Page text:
Alright it’s time to shine a spotlight on one of North Carolina’s own, Kelsey Lu. Hailing from Charlotte, she grew up in a strictly religious household before attending UNC School of the Arts. In short, she’s about as Carolinian as a musician can be.
So, from the above album cover (cropped for nudity) you might expect an R&B singer, or perhaps some kind of melodic indie rocker, but at the risk of disappointing you, Lu fits somewhere in the realm of baroque pop. Yes, that UNCSA education was apparently in classical cello, because Lu is basically inseparable from the instrument. Her music weaves in a variety of strings including viola and violin, supplementing thoughtfully written songs that border on spoken word at times. One word that would not describe her, however, is orchestral, as her arrangements are incredibly sparse, rarely doubling more than one instrument besides her voice, and eschewing chords. The result is somewhat expiriemental, while remaining accesible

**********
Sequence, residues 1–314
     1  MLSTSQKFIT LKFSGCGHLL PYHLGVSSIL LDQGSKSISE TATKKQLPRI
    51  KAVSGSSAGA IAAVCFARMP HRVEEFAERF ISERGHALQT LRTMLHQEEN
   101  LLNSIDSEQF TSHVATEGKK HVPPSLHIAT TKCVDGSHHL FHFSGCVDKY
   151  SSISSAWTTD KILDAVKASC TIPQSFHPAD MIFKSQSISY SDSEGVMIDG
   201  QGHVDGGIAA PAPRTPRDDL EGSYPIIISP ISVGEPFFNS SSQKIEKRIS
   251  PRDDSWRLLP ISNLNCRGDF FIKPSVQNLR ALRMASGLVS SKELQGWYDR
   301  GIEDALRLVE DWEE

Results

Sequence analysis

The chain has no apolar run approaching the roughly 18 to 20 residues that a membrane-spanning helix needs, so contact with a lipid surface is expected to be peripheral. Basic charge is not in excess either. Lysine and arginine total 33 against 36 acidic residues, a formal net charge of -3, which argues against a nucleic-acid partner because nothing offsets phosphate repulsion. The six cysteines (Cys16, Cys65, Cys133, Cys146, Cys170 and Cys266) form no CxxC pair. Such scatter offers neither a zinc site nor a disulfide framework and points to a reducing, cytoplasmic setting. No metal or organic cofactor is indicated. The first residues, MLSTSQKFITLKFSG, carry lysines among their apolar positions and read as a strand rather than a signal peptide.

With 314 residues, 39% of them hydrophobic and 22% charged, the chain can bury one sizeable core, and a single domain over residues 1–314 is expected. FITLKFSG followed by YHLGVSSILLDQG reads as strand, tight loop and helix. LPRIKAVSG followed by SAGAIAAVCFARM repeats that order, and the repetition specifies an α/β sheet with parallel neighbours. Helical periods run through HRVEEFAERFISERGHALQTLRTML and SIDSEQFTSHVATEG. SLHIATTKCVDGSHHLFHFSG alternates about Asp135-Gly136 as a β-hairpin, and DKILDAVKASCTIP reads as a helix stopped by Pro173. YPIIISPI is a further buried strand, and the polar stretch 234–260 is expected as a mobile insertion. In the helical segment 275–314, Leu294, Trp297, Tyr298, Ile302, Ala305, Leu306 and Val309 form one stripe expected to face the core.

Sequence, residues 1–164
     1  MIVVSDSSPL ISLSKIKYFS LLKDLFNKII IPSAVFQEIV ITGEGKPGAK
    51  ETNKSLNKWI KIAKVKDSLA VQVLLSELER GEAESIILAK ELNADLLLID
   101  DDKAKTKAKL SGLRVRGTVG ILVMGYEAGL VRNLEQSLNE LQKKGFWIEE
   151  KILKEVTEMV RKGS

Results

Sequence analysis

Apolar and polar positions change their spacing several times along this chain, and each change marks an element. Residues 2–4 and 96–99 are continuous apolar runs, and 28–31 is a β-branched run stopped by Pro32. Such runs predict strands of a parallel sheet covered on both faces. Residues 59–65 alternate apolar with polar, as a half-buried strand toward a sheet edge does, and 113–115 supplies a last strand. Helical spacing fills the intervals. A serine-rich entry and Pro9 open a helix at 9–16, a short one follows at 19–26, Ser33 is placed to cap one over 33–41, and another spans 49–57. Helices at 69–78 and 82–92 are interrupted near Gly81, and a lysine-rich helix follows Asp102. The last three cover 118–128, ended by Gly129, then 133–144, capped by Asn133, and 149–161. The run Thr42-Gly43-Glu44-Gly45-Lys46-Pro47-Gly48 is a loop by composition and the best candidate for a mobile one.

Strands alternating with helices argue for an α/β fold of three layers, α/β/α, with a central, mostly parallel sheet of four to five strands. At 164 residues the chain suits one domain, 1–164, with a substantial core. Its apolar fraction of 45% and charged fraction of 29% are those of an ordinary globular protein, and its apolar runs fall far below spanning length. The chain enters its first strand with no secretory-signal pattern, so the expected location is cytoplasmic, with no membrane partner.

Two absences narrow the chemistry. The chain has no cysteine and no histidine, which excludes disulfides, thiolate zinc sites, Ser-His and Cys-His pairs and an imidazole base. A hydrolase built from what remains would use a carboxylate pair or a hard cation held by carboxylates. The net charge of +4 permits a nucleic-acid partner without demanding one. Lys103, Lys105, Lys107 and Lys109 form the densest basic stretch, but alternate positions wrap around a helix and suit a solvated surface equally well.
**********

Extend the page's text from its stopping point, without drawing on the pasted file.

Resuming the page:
If classical isn’t really your thing, still give Kelsey Lu a shot, because the restrained conservatism of her upbringing and stylistic influences are not reflected in her music. She gave one anecdote of listening to 36 Mafia in her sister’s car in secret. Side note, while I can’t speak as to whether that story represents the community at large, it did make me laugh for how much it fits the profile of most Charlottean Jehovah’s Witnesses I’ve met. Her rebellious nature is not just targeted at her roots though; she turns a critical yet loving eye to the outside world. Her 2019 album “Blood” targets hippies, art school grads, and her parents’ generation all in the first song. Her music is in equal measure restrained and rebellious, and an excellent entry in our state’s cultural tapestry.